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Crystal Oldman: England risks losing its place as leading role model in nurse education

Countries across the world are striving to increase the number of graduate nurses, so England’s decision to introduce the nursing associate role caused bewilderment among many at the ICN meeting in Barcelona.
shamian

Countries across the world are striving to increase the number of graduate nurses, so England’s decision to introduce the nursing associate role caused bewilderment among many at the ICN meeting in Barcelona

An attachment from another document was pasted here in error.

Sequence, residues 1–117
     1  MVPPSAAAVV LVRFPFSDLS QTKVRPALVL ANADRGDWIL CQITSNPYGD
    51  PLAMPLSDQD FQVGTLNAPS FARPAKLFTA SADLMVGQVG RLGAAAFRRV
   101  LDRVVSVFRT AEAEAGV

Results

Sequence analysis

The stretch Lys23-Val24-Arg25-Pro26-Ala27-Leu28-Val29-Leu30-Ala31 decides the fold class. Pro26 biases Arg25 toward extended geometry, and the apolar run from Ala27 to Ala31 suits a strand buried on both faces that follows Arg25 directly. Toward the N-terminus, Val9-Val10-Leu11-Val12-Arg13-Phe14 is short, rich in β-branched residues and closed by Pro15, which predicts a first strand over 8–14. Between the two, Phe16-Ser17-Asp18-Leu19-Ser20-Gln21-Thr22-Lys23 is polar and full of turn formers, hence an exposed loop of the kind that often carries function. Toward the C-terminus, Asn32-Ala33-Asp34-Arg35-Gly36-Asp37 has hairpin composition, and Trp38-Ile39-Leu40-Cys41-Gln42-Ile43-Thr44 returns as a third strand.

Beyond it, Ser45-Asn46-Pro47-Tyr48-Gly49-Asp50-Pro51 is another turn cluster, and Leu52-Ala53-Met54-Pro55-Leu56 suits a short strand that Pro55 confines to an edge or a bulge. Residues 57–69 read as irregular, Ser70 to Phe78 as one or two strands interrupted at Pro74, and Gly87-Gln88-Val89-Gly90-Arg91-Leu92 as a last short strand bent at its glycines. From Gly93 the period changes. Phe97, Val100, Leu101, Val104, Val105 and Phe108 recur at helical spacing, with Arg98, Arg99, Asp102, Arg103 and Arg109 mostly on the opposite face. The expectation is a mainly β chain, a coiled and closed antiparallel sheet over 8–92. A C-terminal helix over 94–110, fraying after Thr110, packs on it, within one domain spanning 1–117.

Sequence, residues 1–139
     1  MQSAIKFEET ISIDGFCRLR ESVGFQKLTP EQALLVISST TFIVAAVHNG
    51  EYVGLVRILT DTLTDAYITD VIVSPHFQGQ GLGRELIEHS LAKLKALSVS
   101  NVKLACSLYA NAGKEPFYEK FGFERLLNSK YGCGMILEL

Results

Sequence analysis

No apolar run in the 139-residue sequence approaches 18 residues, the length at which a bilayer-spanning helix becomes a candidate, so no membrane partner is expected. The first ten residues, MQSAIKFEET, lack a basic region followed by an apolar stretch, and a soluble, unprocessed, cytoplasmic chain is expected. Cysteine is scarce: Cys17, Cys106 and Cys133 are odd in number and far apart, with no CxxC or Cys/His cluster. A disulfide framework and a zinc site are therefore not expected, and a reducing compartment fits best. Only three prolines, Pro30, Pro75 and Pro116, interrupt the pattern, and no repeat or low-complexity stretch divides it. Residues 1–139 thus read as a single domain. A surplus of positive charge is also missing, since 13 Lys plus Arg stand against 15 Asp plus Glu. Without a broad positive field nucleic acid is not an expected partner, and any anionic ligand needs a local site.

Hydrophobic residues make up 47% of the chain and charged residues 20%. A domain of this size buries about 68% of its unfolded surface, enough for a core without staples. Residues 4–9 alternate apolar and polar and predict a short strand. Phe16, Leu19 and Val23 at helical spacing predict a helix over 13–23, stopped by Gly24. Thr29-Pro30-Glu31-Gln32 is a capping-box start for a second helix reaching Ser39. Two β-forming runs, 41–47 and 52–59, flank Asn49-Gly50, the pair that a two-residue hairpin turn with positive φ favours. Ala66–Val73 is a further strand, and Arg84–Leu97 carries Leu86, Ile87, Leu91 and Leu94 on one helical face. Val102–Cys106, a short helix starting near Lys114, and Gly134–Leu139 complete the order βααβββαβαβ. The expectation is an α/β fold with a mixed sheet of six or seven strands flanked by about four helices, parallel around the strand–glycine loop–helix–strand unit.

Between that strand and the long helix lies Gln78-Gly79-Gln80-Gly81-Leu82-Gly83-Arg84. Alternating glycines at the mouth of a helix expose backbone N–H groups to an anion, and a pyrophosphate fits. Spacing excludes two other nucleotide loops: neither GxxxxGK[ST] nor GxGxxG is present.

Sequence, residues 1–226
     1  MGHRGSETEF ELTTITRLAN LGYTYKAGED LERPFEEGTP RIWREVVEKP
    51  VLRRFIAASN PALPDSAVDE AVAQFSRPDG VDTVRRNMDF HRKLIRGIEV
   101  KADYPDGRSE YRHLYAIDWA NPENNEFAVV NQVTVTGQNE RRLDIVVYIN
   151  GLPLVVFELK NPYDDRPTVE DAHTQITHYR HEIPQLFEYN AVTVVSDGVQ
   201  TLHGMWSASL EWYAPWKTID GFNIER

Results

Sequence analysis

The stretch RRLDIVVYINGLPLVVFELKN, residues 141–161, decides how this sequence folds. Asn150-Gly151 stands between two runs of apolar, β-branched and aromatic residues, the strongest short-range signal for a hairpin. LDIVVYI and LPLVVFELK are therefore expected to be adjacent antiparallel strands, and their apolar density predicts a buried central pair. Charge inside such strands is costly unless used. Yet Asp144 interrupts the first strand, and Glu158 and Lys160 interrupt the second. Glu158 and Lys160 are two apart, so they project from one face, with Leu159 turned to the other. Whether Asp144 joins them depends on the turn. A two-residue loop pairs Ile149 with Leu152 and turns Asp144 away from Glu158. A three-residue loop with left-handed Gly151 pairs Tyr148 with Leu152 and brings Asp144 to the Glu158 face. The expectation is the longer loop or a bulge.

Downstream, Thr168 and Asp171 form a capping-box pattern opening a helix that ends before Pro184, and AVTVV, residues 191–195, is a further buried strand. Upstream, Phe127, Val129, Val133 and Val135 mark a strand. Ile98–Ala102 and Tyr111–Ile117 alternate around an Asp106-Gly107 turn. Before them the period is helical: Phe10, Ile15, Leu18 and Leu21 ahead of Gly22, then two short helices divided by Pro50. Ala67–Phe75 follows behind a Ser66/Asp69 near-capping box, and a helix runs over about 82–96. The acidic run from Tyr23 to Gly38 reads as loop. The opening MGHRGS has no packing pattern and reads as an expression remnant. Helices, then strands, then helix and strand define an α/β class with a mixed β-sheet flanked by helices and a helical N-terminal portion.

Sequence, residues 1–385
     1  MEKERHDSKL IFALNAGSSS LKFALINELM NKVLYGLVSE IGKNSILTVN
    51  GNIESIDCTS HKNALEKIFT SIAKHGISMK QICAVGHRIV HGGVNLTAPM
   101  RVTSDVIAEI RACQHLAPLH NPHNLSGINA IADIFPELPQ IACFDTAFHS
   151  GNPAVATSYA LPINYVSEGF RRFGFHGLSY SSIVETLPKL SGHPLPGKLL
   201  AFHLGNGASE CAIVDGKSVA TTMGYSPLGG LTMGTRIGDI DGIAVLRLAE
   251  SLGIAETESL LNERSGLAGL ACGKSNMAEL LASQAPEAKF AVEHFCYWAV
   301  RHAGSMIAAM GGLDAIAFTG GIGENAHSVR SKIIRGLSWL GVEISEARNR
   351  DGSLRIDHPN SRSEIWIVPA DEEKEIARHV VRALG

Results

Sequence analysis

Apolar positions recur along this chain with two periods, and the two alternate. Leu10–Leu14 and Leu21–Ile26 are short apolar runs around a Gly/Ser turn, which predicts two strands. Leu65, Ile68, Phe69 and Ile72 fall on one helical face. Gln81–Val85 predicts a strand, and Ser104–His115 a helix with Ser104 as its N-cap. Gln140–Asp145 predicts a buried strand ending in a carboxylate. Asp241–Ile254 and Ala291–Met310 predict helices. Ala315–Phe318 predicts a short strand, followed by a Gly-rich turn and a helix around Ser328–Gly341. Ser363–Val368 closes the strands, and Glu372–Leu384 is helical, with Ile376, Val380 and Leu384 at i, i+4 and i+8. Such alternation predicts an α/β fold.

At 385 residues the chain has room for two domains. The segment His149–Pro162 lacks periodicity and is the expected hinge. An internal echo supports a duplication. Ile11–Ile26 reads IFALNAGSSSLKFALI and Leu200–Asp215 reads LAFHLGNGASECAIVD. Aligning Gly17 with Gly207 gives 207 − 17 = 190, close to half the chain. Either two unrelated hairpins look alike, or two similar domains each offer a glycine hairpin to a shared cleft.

The International Council of Nurses (ICN) held its biennial meeting in Barcelona in May. I was privileged to be invited as an official observer of the Council of Nurse Representatives, and spent three days learning first-hand how the ICN conducts its business.

Chaired by ICN president Judith Shamian, the meeting was highly professional, democratic, inclusive and respectful, with lively, informative debates on constitutional and policy matters.

Sharing experiences of nursing practice, policy, education and research with members of national nursing associations from around the world – including Japan, the Philippines, Hong Kong, Canada, Denmark and the United States – I truly

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